Five questions with…
What do you think is the biggest issue facing Southold Town?
Southold is in a struggle right now to stay Southold. Change is inevitable but must be managed carefully. Some want to change it in an instant, not wanting to live in the Southold that exists but, in the one that they have their own romanticized image. Previous generations worked hard to create the town we live in, the one many people chose to move to. Let's carry their tradition forward. We owe them that.
Tell us why you got into government?
I got into local government by fate. In 1990, my friend, Bob Scott, told me the Republicans were screening for a vacancy in the Assessor's Office. I was lucky in getting the nomination and winning the election. I had worked on Capitol Hill prior, however, I learned very quickly that, at the local level, you can have a much more meaningful impact on people's lives.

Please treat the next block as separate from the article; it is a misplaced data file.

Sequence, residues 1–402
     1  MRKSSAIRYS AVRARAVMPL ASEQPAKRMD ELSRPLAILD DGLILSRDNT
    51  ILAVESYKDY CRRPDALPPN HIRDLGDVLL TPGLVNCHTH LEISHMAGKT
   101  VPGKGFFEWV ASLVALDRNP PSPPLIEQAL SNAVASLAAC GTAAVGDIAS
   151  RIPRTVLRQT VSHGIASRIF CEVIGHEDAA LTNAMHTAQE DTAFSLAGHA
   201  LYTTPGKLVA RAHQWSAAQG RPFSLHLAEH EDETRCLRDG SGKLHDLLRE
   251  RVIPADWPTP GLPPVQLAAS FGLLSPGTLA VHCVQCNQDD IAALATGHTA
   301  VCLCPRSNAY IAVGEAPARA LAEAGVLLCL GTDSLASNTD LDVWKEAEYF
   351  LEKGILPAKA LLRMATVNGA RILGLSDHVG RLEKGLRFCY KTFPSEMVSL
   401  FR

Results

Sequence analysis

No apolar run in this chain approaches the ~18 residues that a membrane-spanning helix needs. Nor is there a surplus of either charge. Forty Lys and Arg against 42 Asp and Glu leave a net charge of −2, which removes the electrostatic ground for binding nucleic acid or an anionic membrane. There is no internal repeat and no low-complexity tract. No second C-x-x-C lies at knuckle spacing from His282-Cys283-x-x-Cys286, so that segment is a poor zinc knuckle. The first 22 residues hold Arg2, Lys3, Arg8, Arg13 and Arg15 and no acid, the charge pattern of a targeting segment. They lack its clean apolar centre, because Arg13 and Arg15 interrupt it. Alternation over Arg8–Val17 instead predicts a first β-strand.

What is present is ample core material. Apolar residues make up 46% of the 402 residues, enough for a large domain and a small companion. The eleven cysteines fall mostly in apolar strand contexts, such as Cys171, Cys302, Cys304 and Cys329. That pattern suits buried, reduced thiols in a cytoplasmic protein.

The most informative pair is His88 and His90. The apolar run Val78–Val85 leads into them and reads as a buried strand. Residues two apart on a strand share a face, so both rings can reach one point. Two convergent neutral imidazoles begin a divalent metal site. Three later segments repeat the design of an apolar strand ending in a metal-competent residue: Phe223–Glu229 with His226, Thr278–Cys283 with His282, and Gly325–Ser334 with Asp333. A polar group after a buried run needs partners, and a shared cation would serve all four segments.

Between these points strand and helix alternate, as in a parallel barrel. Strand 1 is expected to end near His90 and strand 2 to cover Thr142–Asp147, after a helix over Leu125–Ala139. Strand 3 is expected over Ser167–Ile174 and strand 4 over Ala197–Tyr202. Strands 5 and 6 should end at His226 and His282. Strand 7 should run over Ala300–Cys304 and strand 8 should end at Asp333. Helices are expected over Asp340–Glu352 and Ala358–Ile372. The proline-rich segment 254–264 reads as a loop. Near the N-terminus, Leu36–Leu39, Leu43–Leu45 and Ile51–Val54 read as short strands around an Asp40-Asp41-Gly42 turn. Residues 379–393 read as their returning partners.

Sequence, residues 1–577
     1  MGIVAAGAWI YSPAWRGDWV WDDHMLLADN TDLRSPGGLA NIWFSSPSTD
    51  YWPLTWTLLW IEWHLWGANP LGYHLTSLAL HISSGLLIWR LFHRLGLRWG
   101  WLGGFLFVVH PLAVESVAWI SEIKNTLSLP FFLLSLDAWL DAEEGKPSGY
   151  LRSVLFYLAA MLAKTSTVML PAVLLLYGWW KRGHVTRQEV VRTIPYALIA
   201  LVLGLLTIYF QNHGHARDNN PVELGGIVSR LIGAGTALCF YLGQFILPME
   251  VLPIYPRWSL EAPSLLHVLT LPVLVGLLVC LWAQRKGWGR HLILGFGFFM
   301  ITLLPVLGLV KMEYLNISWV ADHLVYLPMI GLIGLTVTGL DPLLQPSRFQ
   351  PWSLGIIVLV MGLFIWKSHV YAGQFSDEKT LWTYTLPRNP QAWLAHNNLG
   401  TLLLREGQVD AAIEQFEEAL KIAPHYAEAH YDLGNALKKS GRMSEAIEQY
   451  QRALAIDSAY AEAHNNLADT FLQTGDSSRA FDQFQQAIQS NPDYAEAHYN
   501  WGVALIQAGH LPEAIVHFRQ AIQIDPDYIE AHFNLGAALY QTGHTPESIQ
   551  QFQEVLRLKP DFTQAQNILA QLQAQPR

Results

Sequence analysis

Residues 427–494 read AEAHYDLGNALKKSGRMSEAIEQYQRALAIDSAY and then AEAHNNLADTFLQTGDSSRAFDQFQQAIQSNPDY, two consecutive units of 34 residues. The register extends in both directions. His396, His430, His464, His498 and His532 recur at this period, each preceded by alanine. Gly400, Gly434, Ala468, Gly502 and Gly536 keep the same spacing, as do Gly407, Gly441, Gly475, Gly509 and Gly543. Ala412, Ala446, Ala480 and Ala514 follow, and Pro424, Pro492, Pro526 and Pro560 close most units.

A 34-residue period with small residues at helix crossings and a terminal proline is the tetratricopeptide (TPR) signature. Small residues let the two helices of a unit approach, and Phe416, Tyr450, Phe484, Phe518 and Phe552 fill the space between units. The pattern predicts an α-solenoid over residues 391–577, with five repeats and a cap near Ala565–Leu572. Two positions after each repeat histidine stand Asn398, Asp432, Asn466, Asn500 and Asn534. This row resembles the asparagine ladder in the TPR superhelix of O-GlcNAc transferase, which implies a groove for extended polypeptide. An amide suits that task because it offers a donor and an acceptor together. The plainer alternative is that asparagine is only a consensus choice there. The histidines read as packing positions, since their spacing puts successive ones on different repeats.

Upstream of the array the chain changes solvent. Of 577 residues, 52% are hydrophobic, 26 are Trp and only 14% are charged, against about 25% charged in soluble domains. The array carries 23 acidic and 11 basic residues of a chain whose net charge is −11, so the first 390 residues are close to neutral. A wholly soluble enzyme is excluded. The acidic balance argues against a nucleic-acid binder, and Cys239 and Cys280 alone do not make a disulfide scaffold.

What are you most proud of as an elected official?
I am proud of helping create a non-partisan environment in town government and of my even-handed and fair approach to addressing the issues that we face.
What is one thing you want to focus on in your next term?
In my next term, my priorities will be to focus on taking our green energy efforts to a higher level, review the code and create a streamlined review process for businesses and find opportunities to buy shore-front properties. This would not only protect our scenic and natural resources, it would expand beach access to our residents, as well.
Tell us something about you we would be surprised to learn.
I am a buyer/seller, appraiser and collector of fine art. My interests focus on oils and works on paper from around 1900 through the abstracts of the 1950'-60's.